The Mekong River Commission held its second stakeholder meeting on Laos’s controversial proposed Pak Beng dam on Friday, giving involved parties the opportunity to hear responses to concerns raised at the first meeting in February.
Following this weekend’s meeting, MRC CEO Pham Tuan Phan issued a statement that struck a defensive tone, appearing to acknowledge past criticisms, while insisting that the organisation could not address them on its own.
“The MRC is not a regulatory body for the management of water resources,” Tuan Phan said, adding that the organisation must respect the sovereignty of member nations.
Experts have previously warned the dam could have devastating effects on Cambodia’s Tonle Sap water system, which supports the nation’s fisheries – a crucial source of both livelihoods and food.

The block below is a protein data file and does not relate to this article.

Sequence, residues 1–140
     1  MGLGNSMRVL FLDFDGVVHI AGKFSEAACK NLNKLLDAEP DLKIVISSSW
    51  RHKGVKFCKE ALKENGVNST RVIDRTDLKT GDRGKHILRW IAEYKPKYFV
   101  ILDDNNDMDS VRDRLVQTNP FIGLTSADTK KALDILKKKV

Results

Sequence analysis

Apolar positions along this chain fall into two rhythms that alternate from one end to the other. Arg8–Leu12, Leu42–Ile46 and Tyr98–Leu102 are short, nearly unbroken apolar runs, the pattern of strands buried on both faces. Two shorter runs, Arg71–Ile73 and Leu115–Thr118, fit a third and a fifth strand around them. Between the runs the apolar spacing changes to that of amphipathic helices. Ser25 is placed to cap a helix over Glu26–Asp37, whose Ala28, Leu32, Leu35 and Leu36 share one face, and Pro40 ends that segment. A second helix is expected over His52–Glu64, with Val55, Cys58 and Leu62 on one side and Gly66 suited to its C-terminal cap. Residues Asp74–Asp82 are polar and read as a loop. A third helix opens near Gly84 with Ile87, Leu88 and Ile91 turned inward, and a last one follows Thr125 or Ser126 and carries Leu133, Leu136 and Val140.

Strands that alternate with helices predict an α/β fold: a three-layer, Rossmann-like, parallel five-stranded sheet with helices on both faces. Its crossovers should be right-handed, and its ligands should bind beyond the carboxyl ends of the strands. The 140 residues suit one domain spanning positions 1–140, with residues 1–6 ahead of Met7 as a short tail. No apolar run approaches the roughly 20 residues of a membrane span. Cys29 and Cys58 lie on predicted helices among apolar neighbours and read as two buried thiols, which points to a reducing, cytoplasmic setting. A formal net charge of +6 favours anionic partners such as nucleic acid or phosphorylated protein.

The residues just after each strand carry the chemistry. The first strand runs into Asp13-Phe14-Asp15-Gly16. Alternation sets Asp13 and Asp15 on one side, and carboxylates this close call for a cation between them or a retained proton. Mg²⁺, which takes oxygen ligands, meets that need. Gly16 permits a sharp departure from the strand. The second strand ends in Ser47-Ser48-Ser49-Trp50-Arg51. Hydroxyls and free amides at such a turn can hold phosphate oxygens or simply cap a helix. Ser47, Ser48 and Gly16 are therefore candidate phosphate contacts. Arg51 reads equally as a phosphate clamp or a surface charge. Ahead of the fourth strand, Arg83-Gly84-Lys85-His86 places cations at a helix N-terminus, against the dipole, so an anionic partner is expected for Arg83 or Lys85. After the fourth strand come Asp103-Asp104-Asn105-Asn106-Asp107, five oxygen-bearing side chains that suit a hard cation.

Outside groups have also criticised the MRC for not properly assessing the environmental impact of proposed dams, and not doing enough to slow what they say is their unsustainable rate of development.
Phan’s statement acknowledges the dangers the Pak Beng dam poses to “fish passage, downstream sediment transport, and aquatic habitats”, but maintains the dam’s design will improve as the Lao government develops it.
Phan also conceded that the prior consultation process is “not ideally the place to decide whether a project is good or bad”, but pointed to a “parallel” process that does assess the cumulative impact of multiple dams.